Our PHP content repository (PHPCR) implementation “Jackalope” is steadily improving. Besides the Jackrabbit backend, there is now also a driver for SQL databases (powered by Doctrine DB abstraction layer) and first work at a MongoDB driver and one for Midgard 1. Midgard 2 will get its own PHPCR implementation not based on Jackalope, and Typo 3 may choose to come back to PHPCR as well. Now is about time to show how to use that API.
PHPCR defines an API to handle semi-structured but hierarchical content in an elegant and consistent way. It combines the best from document-oriented databases (NoSQL) and XML databases (hierarchical trees). Additionally, the API defines search, versioning, access control and other important features.
- Functional Definition of a “Content Repository”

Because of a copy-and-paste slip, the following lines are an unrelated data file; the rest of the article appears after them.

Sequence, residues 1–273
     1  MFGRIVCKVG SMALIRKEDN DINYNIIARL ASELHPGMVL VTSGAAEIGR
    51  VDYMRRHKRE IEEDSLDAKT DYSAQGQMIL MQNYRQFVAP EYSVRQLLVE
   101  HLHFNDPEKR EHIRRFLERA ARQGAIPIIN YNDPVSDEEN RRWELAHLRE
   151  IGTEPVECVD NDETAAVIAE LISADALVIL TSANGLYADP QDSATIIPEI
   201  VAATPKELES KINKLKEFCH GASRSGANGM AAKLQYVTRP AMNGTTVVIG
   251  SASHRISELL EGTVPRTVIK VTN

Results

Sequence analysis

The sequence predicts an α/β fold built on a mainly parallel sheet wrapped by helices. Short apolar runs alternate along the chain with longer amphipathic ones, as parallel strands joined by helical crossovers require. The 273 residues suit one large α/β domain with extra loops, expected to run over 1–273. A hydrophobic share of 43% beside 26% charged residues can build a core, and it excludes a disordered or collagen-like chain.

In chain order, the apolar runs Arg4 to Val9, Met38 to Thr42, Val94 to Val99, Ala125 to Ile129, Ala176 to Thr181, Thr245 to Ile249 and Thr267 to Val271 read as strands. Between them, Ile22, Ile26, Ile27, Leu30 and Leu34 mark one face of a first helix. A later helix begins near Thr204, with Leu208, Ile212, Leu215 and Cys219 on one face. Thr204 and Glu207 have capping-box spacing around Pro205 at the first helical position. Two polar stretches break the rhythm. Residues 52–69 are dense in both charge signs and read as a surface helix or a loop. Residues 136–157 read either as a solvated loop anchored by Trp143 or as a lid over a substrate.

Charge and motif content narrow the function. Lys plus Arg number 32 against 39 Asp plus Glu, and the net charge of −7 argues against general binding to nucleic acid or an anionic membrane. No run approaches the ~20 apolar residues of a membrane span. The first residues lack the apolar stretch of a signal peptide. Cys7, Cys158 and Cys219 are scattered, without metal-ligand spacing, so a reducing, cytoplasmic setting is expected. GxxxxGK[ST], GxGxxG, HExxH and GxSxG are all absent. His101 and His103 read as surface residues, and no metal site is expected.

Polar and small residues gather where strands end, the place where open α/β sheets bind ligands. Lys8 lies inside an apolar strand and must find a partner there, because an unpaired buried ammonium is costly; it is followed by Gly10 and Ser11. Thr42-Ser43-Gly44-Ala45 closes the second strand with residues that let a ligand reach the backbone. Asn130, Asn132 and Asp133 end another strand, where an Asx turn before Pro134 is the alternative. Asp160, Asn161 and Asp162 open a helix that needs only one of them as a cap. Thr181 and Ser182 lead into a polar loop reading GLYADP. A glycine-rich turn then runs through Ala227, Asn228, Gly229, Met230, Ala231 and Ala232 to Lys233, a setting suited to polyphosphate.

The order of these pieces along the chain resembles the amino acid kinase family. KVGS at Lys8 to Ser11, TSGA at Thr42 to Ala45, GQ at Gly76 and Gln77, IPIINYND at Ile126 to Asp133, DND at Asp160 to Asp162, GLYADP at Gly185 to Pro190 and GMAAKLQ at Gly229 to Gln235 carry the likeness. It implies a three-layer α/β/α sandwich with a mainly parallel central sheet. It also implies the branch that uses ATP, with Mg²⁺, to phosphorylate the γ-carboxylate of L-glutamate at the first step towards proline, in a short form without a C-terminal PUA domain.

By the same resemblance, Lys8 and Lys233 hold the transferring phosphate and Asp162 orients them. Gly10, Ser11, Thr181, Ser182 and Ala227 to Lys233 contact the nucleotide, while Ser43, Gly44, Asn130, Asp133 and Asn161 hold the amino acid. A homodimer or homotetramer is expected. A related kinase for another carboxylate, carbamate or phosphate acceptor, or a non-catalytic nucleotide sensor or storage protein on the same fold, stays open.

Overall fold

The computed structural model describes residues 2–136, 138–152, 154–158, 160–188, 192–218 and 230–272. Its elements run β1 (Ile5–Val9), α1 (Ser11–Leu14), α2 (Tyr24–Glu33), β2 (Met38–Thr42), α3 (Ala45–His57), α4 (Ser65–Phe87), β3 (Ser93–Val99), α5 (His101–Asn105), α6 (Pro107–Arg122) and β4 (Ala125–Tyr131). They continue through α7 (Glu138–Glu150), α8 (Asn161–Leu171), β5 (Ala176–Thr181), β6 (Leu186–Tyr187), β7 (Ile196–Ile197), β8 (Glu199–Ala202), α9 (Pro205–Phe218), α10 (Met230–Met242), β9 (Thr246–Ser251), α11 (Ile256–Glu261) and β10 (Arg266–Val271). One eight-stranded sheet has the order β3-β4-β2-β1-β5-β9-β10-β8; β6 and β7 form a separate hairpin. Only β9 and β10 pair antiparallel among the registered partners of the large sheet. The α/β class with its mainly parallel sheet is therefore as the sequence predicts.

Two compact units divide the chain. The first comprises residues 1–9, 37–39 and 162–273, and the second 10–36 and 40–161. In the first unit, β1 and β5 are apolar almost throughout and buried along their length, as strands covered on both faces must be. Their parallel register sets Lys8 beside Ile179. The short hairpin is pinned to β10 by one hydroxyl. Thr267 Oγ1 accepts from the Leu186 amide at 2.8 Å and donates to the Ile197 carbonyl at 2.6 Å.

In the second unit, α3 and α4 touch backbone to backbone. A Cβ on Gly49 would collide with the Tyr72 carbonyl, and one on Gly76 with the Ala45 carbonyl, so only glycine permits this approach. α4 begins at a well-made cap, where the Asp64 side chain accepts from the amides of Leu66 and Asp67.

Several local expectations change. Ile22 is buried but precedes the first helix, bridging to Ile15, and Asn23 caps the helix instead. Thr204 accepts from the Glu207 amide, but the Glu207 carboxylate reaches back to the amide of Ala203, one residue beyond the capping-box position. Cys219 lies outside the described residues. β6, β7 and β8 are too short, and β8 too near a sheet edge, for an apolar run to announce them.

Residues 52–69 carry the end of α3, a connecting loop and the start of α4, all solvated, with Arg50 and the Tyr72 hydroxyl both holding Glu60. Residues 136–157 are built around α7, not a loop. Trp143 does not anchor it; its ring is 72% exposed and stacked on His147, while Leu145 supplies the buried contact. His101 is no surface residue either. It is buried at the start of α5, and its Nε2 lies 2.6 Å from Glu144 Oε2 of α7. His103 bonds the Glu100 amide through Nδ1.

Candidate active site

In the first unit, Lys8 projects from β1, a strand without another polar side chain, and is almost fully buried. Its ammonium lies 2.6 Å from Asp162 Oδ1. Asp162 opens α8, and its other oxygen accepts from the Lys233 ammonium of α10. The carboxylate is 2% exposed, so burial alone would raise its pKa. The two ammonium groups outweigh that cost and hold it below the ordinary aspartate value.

- Common Vocabulary!
- No longer learn (dozens of) (ugly) proprietary APIs
- Write (mostly) portable code, for Document Management, Web Content Management, Source Code Control
- Compare Repository Functionality
- No more information silos and vendor Lock-in Content-Centric Infrastructure
A remark for the people interested in the Symfony Content Management Framework initiative: For the CMF you do not need to know how to code PHPCR. There is the Doctrine PHPCR-ODM layer that provides Document classes for yourcontent repository just as the Doctrine ORM abstracts from SQL databases. However, if you want to help us developping the CMF, you should look into the tutorial.
I wrote a tutorial that shows how to use PHPCR and explains how to install a playground to experiment with. The API is really simple to use and very expressive for hierarchical but flexible content. After the tutorial, you can take a look at the API documentation and at the full JCR specification.
I am happy to hear your feedback on this tutorial or the whole topic of content repositories.